OPINION - Tory MP Neil Parish accused of watching *that* in the Commons

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 (West End Final)
(West End Final)

In the last few minutes, the Conservative MP accused of watching pornography on his phone while inside the Commons chamber has been named as Neil Parish.

The MP for Tiverton and Honiton has had the Tory whip removed and is to be investigated by the Standards Committee. Parish, 65, who is chair of the Environment, Food and Rural Affairs Select Committee, also faces a probe by the Independent Complaints and Grievance Scheme after the allegations surfaced during a meeting of Conservative MPs on Tuesday.

There is never an ideal time for an accusation like this to be made, but 15 minutes before a (theoretical) 4pm newsletter send time was not it. The news will inevitably drag this story into the weekend, rather covering up what was an interesting story (and what I was going to write about).

Our Political Editor Nicholas Cecil reported that Labour has moved ahead of the Tories as the best party for tax by 32 per cent to 25, in a reversal of where the two parties stood in December 2019. It is the party’s best result on the issue since 2012.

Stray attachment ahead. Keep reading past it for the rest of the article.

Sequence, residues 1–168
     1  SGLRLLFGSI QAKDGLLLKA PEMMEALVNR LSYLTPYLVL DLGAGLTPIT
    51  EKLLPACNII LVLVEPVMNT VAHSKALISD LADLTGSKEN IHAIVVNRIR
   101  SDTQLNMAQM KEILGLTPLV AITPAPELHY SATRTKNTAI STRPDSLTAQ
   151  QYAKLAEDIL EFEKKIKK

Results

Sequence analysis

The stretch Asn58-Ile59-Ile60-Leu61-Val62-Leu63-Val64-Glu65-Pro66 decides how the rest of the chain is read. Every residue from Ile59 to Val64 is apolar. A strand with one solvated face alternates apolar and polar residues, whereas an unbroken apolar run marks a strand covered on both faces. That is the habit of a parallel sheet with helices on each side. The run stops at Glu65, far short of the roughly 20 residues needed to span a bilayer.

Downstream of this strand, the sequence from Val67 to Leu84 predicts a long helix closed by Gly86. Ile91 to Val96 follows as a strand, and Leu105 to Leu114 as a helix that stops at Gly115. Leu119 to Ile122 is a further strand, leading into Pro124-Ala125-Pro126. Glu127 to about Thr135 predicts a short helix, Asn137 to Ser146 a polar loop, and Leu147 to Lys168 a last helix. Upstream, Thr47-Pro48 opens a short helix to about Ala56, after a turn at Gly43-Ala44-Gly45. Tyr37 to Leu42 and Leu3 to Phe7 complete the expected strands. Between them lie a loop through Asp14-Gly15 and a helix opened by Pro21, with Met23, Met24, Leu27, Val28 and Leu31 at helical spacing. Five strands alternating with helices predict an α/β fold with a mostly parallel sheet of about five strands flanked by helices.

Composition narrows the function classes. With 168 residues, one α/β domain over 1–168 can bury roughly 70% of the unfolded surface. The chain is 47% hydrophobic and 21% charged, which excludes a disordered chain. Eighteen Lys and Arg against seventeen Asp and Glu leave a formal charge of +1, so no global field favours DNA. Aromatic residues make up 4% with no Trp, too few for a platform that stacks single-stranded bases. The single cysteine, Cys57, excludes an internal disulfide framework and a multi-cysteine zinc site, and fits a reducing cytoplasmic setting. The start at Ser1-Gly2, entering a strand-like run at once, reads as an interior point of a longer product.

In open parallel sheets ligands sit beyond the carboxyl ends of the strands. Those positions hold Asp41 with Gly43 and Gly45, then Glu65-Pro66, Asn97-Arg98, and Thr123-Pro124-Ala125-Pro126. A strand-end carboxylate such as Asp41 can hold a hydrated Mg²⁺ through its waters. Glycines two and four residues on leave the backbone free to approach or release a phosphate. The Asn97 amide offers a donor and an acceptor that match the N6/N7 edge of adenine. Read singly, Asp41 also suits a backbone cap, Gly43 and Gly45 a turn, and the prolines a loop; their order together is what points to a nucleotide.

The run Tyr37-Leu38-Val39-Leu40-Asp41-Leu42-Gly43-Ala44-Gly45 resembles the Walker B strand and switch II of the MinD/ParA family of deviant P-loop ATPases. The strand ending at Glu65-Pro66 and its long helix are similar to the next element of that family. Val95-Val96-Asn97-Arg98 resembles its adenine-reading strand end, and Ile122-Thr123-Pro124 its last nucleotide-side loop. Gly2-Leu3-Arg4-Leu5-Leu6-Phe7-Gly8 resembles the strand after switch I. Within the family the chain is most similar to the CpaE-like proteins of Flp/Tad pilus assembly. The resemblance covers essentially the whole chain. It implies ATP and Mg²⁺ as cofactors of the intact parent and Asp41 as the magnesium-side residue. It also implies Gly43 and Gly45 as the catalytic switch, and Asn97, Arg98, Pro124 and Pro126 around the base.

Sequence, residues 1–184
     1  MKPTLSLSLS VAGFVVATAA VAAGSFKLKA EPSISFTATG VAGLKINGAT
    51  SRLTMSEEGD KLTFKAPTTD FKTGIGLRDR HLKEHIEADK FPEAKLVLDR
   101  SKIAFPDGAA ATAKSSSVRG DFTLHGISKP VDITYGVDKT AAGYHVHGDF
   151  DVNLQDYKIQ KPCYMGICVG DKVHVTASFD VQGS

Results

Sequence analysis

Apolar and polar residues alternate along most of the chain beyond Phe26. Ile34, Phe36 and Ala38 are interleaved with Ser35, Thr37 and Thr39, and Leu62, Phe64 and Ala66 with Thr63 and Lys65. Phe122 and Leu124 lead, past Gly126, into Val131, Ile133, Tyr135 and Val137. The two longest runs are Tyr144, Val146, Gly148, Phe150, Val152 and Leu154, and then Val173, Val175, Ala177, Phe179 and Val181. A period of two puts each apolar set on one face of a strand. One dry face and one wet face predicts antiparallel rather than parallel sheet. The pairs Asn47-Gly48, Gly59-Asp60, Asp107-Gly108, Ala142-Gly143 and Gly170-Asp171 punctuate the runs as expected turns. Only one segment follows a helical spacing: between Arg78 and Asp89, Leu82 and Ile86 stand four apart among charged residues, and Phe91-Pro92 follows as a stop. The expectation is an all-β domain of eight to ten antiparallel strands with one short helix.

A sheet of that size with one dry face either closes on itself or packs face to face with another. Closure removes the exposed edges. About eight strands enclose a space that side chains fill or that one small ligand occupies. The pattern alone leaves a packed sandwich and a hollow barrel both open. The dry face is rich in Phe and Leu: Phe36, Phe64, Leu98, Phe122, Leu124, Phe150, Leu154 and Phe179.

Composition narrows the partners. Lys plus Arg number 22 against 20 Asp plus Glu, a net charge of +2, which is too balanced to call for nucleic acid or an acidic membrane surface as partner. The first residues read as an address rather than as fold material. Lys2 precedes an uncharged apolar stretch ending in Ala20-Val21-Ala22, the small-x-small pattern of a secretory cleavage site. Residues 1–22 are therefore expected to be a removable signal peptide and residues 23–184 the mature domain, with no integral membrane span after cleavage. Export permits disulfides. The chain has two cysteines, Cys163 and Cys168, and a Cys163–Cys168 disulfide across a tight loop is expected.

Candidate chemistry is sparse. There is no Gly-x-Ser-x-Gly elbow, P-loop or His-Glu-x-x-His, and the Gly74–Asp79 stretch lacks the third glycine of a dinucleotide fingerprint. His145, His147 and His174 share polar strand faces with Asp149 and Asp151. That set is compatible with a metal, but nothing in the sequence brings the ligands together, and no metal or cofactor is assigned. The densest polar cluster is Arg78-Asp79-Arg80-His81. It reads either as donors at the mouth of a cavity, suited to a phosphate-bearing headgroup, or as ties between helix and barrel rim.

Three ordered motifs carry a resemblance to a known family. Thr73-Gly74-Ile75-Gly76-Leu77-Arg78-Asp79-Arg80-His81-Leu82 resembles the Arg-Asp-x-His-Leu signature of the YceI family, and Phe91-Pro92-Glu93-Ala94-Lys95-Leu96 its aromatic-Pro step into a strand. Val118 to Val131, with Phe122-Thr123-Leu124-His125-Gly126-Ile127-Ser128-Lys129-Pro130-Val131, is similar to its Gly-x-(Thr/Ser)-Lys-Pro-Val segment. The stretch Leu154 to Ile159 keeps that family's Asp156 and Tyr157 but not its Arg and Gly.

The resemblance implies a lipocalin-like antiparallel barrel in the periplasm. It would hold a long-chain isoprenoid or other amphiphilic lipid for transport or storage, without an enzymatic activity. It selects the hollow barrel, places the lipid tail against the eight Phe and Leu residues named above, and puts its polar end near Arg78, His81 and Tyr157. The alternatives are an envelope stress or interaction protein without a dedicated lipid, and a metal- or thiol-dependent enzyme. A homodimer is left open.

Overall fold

It is not necessarily surprising after the rises in National Insurance and income tax threshold freezes. Of course, Rishi Sunak can reasonably point to some tax cuts, such as the raising of NI contribution thresholds and the temporary 5p-a-litre cut in fuel duty. But everyone from the OBR to the IFS will tell you the tax burden is rising.

As the cost-of-living crisis grows worse, Rishi Sunak suggested he may be open to a windfall tax on energy companies if they fail to invest sufficiently to boost supplies. This would of course represent a major change in policy. But his Spring Statement could hardly be characterised as an overreaction to high taxes and falling standards of living.

Whether it be tax or personal probity, reputations are hard-won and easily lost.

Elsewhere in the paper, so often the target of sexist and classist attacks, this week’s Basic Instinct comments were just the latest attempt to undermine the deputy opposition leader. But why is she such a threat? Martha Gill reports.

In the comment pages, Emily Sheffield asks how can Parliament tackle sexual violence when pest MPs continue to roam? She also reflects on her debut with Tom Newton Dunn on TalkTV.

Meanwhile, my sadly departing colleague Samuel Fishwick leaves us with a delightful piece on marrying couples who blend their surnames. Nice idea, Sam muses, but he doesn’t want a case of the Fishroyds and whatever ointment that would necessitate.

And Tristram Hunt, Director of the Victoria and Albert Museum, says it is creativity that makes us human.

Finally, mar-teenies and Negronis the size of your thumb... miniature drinks are beginning to catch on — but where’s the fun in that, asks David Ellis?

Have a lovely long weekend.

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